them to do so now."


Harryville Paint-Bomb Target

By Claire Regan
10 August 2005

North Antrim's Catholic community faced fresh anxiety today
after the beleaguered Harryville church was paint-bombed in
an overnight attack.

The frequently targeted Church of Our Lady, in the
Harryville area of Ballymena, was peppered with paint bombs
on a night of high tension in the town.

The attack came just hours after police announced that
Catholic families in the predominantly Protestant village
of Ahoghill have been issued with fire blankets and smoke
alarms amid fears they could be the next victims of
loyalist attacks.

The attack also happened as tension remained high following
the first republican band parade in the nationalist
Fisherwick estate which led to a Lambeg-drum protest
involving hundreds of loyalists.

Ballymena's DUP mayor Tommy Nicholl condemned the attack on
the church.

"I have absolutely no time for this type of thing at all,"
he said.

"Regardless of where we hang our hats on a Sunday, we are
entitled to the freedom of worship. We can never forward
our cause by attacking places of worship.

"I oppose this attack utterly and would call on the
perpetrators to cease. The ordinary unionist people of
Harryville want to live side-by-side in peace with their
Catholic neighbours."

Mr Nicholl said he was concerned by rising tensions in the
north Antrim area in recent weeks.

"I would plead with both sides involved to stop," he added.

Last night's attack at the Harryville church is the latest
in a wave of paintbomb and graffiti incidents in the past
month, with the previous attack happening at the weekend.

Two weeks ago members from High Kirk Presbyterian church in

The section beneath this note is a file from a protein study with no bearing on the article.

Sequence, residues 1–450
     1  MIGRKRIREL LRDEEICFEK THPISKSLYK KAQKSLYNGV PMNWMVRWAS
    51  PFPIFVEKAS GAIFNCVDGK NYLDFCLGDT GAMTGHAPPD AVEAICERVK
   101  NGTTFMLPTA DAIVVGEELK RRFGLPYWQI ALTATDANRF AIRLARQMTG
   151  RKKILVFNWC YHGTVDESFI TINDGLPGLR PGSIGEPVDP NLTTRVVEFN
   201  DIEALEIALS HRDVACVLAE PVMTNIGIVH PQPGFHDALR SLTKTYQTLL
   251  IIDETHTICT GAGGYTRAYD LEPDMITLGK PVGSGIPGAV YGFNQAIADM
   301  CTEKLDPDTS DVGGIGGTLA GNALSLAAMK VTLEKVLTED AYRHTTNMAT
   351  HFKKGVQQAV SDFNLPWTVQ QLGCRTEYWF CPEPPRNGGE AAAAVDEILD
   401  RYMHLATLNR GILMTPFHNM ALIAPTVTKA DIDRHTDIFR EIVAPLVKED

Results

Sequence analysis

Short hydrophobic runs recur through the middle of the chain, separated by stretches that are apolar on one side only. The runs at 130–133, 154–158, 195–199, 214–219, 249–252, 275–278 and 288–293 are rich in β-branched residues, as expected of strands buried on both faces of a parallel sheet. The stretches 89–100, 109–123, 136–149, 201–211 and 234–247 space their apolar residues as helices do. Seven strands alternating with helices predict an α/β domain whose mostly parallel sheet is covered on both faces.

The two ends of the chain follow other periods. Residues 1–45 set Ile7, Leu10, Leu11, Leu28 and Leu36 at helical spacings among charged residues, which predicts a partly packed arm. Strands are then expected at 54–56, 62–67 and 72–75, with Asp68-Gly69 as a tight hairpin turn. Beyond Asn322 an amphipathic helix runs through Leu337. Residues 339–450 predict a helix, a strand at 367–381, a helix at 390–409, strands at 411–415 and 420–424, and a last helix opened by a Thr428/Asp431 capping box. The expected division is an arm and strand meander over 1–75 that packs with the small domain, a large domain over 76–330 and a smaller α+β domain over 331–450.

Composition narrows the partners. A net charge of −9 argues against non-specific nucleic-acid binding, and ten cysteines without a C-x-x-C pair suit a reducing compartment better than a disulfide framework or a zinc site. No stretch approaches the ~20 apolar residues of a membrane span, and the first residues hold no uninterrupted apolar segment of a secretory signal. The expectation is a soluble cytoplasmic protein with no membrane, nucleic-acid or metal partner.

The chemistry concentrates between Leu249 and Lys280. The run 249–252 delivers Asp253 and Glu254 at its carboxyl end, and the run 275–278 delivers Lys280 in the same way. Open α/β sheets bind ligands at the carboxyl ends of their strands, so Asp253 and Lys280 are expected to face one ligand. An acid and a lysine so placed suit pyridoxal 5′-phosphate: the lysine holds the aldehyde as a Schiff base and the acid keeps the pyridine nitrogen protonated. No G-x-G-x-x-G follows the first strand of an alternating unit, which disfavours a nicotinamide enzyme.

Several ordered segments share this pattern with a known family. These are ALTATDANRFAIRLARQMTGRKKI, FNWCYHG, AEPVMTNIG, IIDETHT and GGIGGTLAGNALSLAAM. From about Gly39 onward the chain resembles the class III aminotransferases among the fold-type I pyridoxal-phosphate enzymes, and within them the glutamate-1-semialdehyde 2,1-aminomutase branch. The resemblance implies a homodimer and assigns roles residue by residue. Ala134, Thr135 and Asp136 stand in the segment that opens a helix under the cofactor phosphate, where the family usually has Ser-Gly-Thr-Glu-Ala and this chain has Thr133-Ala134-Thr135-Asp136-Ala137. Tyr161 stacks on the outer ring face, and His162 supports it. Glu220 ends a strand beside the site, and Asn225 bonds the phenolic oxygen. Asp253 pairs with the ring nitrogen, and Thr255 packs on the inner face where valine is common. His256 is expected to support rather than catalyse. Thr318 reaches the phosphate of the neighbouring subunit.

Ballymena cleaned graffiti off the walls of the church in a
gesture much appreciated by Catholic clergy and

See page 4


Ex-UDR Soldiers 'Quizzed On GAA Murder'

By Jonathan McCambridge
10 August 2005

Police today declined to comment on reports that a number
of former UDR soldiers were among those questioned over the
death of GAA official Sean Brown.

Father-of-six Sean Brown (61) was abducted and murdered by
the LVF as he locked up the Wolfe Tone Gaelic Athletic Club
on May 12, 1997.

He was shot several times and his body later recovered
beside his burnt-out car in Randalstown.

Recently detectives investigating the murder and loyalist
paramilitary activity launched more than 20 searches and
made several arrests across counties Antrim, Armagh and

According to reports today, some of those questioned were
ex-members of the UDR.

However, a police spokeswoman said they would not comment
on the identities of people questioned.

During the searches, police arrested eight men and one
woman under terrorist legislation. The also arrested three
women and one man under Proceeds of Crime legislation.

All were later released.

Police working on the investigation last week also swooped
on a number of addresses in England. Two men and two women